“This has so exceeded any of my wildest hopes for the amount of money it could raise and the attention it got,” Marc Andreyko, who organized and curated the anthology, told the San Diego Union-Tribune. “We were able to give $51,000 to the Trevor Project two years out, when the news cycle is so fast people don’t remember what happened five minutes ago. I’m happy and sad that there is an evergreen quality to this.”
The anthology is currently in its sixth printing, available via online booksellers, comic book specialty retailers and through digital platforms.
Continue reading “Comics Lowdown: ‘Love Is Love’ brings in another $51,000 for The Trevor Project”
BOOM! Studios cancels ‘Husband and Husband’ collection after plagiarism charges! Image stops selling DRM-free digital comics directly! Chicago Sun-Times drops two pages of comics! Plus: Chip Zdarsky, NaNoWriMo, best of 2018 lists and more!
Mark Waid’s legal representative has asked the U.S. District Court for the Western district of Texas to dismiss the lawsuit filed against him by Richard C. Meyer. The civil lawsuit was filed in September and claims “tortious interference with contract and defamation.” You can read the motion on Newsarama.
“[Meyer] asserts claims against Mr. Waid for tortious interference with contract and defamation. These claims are completely meritless. But the problem at the outset, and which is proper to address, is that this Court lacks personal jurisdiction over Mr. Waid,” reads the motion. “Plaintiff’s Complaint fails to identify any allegations or facts establishing any connection between Mr. Waid and Texas. Instead, Plaintiff merely alleges a single phone call between Mr. Waid, who was in California at the time, and a San Antonio publishing company. That is far short of the necessary substantial connection with Texas to justify personal jurisdiction.”
Mark Waid and Richard Meyer have GoFundMe campaigns going to pay for their legal fees, both of which have reached their goals.
Continue reading “Comics Lowdown: Mark Waid’s attorney asks for dismissal of Richard C. Meyer’s lawsuit”
Comics retailers discuss the comics market, Lion Forge profiled and more.
The Biz, Part I: It’s generally agreed that 2017 was a lackluster year (at best) for comics retailers. Publisher’s Weekly’s Shannon O’Leary went to the source, asking retailers in the direct market and bookstores with a large graphic novel section to discuss what’s going wrong—and right—in the comics market. There’s lots to chew on here, with commentary about Marvel, Image, and the structural issues in the direct market.
Continue reading “Comics Lowdown: Looking at the big picture”
Cape Cod man says his dad invented Batman! Plus: Pepe the Frog, Frank Miller, another comic convention legal battle and more!
Batman Claim: Although his claims have been met with some skepticism, Frank Foster III is firmly convinced his father invented Batman. The Cape Cod octogenarian has a number of sketches by his father, Frank Foster II, which depict a superhero with many of the same characteristics as DC’s Batman; the sketches are dated 1932, and one of them has several possible names, with a checkmark next to “Batman.” Frank Foster II went to art school with Li’l Abner creator Al Capp and in the 1930s, when he was living in New York, showed his portfolio to several comics publishers; the younger Foster believes someone may have seen the sketches and stolen the idea. He tried to interest several auction houses in the drawings, but none would take them, so he will be selling them on eBay. Foster elaborates further on his claims at his website.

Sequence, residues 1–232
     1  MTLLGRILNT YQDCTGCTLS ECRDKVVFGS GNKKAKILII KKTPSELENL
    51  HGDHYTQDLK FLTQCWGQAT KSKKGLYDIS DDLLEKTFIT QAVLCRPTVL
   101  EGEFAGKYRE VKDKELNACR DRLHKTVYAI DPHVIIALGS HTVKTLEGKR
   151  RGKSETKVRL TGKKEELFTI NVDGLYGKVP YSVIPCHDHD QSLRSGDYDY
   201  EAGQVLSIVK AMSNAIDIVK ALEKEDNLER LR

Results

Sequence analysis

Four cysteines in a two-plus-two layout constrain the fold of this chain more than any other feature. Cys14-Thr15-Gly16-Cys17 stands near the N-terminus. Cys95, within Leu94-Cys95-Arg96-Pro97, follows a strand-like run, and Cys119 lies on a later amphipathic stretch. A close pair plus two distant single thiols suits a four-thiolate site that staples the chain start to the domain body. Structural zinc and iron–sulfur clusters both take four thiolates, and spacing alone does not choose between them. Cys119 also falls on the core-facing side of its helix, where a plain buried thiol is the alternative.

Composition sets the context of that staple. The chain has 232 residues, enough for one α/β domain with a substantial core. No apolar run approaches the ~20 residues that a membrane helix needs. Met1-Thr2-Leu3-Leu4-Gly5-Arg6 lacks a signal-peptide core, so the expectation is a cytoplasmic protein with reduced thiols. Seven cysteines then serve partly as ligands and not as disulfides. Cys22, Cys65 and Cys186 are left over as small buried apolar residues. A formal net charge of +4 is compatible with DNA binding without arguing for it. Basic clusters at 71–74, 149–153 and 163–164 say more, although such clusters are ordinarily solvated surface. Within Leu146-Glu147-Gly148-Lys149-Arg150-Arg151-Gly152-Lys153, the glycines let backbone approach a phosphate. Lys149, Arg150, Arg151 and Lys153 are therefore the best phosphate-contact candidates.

Continue reading “Comics Lowdown: Who created Batman?”
Plus: Roxane Gay thoughts on diversity, Jeff Smith, Cully Hamner, public-domain comics and more!
Excited for the increasing spotlight on Black Panther with the feature film coming out in 2018, retailer Fantom Comics in Washington, D.C. hosted a unique event known as Move or You Will Be Moved: A Black Panther Fashion Show over the weekend. The haute couture show included cosplay and Wakandan street fashion, and a marketplace of local black creators selling their jewelry, clothing and other Afrofuturist fashion accessories. Plus of course, Black Panther comics and paraphernalia.
“Where’s all the Black Panther merchandise? We’re less than a year out, and we don’t have any Happy Meal toys or anything we can just get on hand,” Sellars asked, introducing the concept to the crowd. “So with that came this idea of what about an Afro-futuristic showcase of what it means to be great? Of what it means to be in Wakanda.”
Continue reading “Comics Lowdown: Wakanda fashion show, marketplace celebrates artisans and Black Panther”